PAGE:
Some of what I've stated above is because have seen the heatsinks of those included Intel fans popping out, not work of my doing, rather of the OEM. 

 

Often, there would be a sudden rise in heat, usually during gaming/benchmarking & subsequent BSOD, and even though in warranty, wanted me to 'take a peek' because if a simple fix, that would save from having to ship their PC & be w/out 2-4 weeks. On three of these PC's, all custom builds by a major independent OEM (am not calling name to prevent litigation), one of those locking tabs would be popped up & only one of the three stripes of Intel thermal paste would be 'cured' (the others looked almost new) so I'd remove the heatsink, cleanup that component & CPU with air & 91% alcohol, then place to the side. Then apply some MX-4 on the CPU (what I used then, now use Arctic Silver 5, aka 'AC5'), very sparingly, just oat sized amount, then spread with a plastic tool I have that's cleaned after every use to where it would simply glaze the CPU (anymore is too much & a waste). Any excess that would run past the CPU would be removed before lowering the heatsink. In practice, I've found GPU's to have 'too much' paste over CPU's, at times, it's all around the surrounding area & a mess, yet the die is a tiny fraction of the size of any CPU, so only a 'dot' is needed. :)

 

Reassembled using those old style optical drive screws, the ones that stuck out some above the threads to hold in the old type (spring loaded) optical drive latches, and my own like Intel coolers with copper core (two didn't have these) that I keep on hand (this trick was also learned on YouTube). The 'donation' for the jobs were only $50 ($60 for the copper core upgrades), I stand behind what I do for a solid year, a handshake agreement, and I'm well known around here, mostly via my former volunteer work with a charity agency which rehomed donated & collected by the streets computers of all types (except Macs). We did get a few, the ministry had a helper who knew these & would be listed on eBay (how I came to know that site :)) & proceeds would go back into general funds.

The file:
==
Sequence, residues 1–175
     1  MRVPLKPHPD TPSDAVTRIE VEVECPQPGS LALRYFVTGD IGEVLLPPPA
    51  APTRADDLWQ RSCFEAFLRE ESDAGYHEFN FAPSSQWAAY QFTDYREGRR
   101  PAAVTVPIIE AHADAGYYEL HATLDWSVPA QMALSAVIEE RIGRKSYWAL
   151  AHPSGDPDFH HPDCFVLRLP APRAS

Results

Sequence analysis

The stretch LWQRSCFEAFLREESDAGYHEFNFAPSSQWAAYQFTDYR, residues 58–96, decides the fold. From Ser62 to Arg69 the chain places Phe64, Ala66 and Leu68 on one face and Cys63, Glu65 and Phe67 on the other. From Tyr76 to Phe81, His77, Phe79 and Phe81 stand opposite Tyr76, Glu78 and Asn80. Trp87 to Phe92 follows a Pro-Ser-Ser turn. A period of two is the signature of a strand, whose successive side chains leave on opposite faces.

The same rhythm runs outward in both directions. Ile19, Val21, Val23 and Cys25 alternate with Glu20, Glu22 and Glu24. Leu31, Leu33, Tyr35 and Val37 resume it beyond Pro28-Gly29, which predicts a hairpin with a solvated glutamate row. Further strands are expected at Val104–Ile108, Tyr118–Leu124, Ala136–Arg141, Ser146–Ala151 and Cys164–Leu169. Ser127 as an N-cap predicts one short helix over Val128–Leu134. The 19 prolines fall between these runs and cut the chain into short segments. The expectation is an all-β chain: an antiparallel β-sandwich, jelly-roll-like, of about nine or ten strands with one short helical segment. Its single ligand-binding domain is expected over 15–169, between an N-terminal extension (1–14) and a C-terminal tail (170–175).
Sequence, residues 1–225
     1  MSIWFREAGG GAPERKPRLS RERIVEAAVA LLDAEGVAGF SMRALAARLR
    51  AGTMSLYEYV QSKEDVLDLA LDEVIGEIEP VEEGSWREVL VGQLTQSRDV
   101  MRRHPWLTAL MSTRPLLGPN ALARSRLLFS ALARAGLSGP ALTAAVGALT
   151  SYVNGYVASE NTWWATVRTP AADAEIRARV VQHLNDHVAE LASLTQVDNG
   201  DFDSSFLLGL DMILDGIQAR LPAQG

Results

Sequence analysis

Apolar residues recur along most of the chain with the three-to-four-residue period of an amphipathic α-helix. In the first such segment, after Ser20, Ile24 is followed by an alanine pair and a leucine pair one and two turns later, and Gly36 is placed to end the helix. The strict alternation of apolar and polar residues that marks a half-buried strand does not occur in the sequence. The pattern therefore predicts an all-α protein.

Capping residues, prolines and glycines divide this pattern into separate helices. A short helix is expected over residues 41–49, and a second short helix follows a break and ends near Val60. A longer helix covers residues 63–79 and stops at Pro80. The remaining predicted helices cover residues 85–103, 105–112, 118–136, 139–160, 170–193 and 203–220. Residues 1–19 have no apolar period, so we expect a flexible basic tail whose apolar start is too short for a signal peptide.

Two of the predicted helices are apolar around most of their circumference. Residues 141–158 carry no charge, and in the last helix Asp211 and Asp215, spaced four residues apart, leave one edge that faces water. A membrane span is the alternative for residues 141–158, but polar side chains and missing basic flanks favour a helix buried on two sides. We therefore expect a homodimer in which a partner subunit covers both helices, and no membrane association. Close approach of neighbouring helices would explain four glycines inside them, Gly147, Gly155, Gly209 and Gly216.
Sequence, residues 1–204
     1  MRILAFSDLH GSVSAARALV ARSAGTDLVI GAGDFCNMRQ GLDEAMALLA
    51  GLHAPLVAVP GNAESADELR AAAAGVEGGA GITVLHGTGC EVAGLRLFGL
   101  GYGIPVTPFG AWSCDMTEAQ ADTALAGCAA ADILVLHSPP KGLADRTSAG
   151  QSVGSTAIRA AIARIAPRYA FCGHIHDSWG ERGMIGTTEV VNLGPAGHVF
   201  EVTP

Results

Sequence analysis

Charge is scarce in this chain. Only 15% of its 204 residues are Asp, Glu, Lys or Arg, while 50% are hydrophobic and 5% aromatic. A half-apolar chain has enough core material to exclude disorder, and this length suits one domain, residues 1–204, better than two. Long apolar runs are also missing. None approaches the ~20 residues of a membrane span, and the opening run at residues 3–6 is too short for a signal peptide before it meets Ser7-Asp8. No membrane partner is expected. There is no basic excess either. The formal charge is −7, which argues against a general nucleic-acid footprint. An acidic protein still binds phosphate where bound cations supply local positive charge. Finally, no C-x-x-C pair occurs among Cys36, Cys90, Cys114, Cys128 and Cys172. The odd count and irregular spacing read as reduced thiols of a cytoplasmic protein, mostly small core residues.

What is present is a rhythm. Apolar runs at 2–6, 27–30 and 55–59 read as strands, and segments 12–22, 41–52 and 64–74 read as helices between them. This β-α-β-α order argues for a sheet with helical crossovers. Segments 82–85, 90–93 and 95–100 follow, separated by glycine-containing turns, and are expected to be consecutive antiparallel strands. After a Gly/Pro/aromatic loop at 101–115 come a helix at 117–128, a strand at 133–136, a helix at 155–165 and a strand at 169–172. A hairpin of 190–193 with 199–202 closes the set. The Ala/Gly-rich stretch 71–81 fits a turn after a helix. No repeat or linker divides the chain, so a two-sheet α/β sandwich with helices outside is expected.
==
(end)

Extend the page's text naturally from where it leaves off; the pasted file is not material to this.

In fact, have built close to 25 PC's in the last 6-8 months alone, on average, the components were over $1,400, some higher, and so that the customer has a 100% OEM warranty on their components, they order & have delivered to their residence & if needed, I'll pick up everything & deliver the final build. This way, I have nothing involved except labor & there's no 'under the table' markup on parts (so everyone wins! :)). I can build a powerful quad core PC that the same OEM who shipped the botched installed CPU coolers, charges $3,200 for a total of $1,800 (including a generous donation for my labor), and this includes a 512GB Samsung 950 PRO (now 960 PRO) NVMe SSD that they don't. I don't do $500 builds, $1,000 is the absolute minimum, and this holds down the calls for 'cheap builds', can perform only so much work with my condition & must make these count. 

 

Add to the factor that lower priced builds equates lower quality components = more 'redo' work caused by low cost hardware. I'm not going down that road, my last 'cheap' build was a rebuild of a PC given to me that no longer retains any of the components, as of early this week the mini tower case was upgraded & that was the final component. I'll likely take the original as sent to me, reassemble & use as a low cost, low maintenance Linux folding@home box. :)

 

Cat


Edited by cat1092, 23 February 2017 - 03:18 AM.

Performing full disc images weekly and keeping important data off of the 'C' drive as generated can be the best defence against Malware/Ransomware attacks, as well as a wide range of other issues. 


#10 Zone_86

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Posted 23 February 2017 - 04:03 AM

Sounds like we are much the same Cat I have been building since 1998, some with a few gaming OEM's and a lot my own business.



#11 cat1092

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Posted 23 February 2017 - 05:43 AM

Zone_86, you (& jonuk76) have far more experience than I, didn't even own a computer until the year 2000, and this was only because it was needed for work. To save money, BYOD was corporate policy with most employees, though had to keep a separate partition for work related matters that could be audited at any time. :)